Shared GPU clusters for ML are increasingly becoming common for multi-tenant workloads due to their operational advantages. Nonetheless, the question that pertains is, how to allocate or share the available (possibly heterogeneous) GPU resources in a fair manner across different users? Themis is a scheduler that uses an auctioning mechanism where jobs bid for certain GPUs and a central arbiter determines the global winning bids to maximize the aggregate improvement in the job metric (finish time fairness) across all jobs. When the cluster is heterogeneous, newer generations of GPUs may face higher demand than the older hardware. To tackle such cases, Gandiva-Fair proposes a resource trading mechanism to incentivize users to use the older GPUs thereby improving resource utilization, while ensuring fairness. 


Typically, ML training jobs are assumed to have a fixed GPU requirement throughout its lifetime. However, dynamically reassigning the number of GPUs allocated to a job can improve overall cluster utilization as well as individual job metrics by shrinking jobs when the demand is high, and growing them during off peak loads. However, ensuring such elasticity alongside high resource utilization, while maintaining the statistical efficiency of the model is challenging. Hyperparameters of a training job such as the batch size and learning rate are carefully chosen for a certain GPU type and number. Altering this can affect job convergence. Recent work like Pollux provides a framework to jointly tune batch size and learning rate for elastic scheduling by observing the job’s throughput and statistical behavior during training, and using this information to model the job’s performance for different parameters.  More recently, Microsoft announced Singularity, its planet-scale scheduling infrastructure that can transparently preempt and elastically scale deep learning workloads. Unlike Pollux,  Singularity does not fiddle with the job’s hyperparameters. Its transparent checkpointing strategy and replica splicing allows it to maintain the same world size as a job grows or shrinks, thereby keeping the statistical efficiency intact.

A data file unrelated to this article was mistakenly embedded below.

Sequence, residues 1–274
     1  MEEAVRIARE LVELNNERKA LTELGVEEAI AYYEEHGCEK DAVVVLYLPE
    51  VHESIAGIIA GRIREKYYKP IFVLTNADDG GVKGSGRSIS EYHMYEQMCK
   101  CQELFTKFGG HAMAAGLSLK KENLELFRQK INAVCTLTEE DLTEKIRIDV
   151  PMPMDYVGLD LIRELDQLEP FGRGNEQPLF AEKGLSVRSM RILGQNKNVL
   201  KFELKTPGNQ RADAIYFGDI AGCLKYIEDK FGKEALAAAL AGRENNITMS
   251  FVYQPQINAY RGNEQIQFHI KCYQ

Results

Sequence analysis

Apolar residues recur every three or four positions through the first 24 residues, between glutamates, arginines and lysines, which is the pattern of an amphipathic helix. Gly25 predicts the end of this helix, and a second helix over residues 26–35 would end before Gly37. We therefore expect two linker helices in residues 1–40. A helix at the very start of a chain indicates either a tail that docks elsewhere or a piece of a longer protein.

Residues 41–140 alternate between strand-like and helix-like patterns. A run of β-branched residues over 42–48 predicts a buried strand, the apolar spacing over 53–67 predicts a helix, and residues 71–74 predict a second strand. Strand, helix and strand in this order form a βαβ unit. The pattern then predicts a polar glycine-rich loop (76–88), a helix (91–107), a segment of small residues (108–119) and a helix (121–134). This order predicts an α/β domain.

Future directions

With the emerging trends and advancements in ML, massively growing datasets and models, availability of several kinds of heterogeneous accelerators,  and constantly moving hardware landscape, there are several exciting research problems to tackle in the space of scheduling ML jobs. A recent workload analysis from a production cluster at Alibaba shows that the increasing heterogeneity in workload and accelerators makes it challenging to achieve high cluster utilization.

Going forward, as GPU accelerators are becoming more powerful, it is crucial to dynamically share the GPU cores across different jobs, as not all jobs will be able to fully utilize the GPUs. The fact that there is so much heterogeneity in the workload, and varying compute complexity and memory requirements across jobs, makes it necessary for the scheduler to be workload-aware and enable fine-grained sharing of GPU memory and compute across multiple jobs.

Disaggregating resources on a monolithic machine (GPU, CPU, and memory) for better utilization of individual resources is an interesting future direction especially because some workloads could be predominantly CPU bound (due to heavy online pre-processing), or memory bound (due to large datasets, and slow storage). However, addressing the communication overhead that such disaggregation introduces is an important problem to solve. Recent efforts at Meta and Google’s Tensorflow explore the feasibility of such disaggregation in the context of CPU requirements of the input data pipeline.

About the Author: Jayashree Mohan is a Senior Researcher in the Systems group at Microsoft Research Lab, India. Her research interests are broadly in computer systems, storage, and systems infrastructure for machine learning applications.

Disclaimer: These posts are written by individual contributors to share their thoughts on the Computer Architecture Today blog for the benefit of the community. Any views or opinions represented in this blog are personal, belong solely to the blog author and do not represent those of ACM SIGARCH or its parent organization, ACM.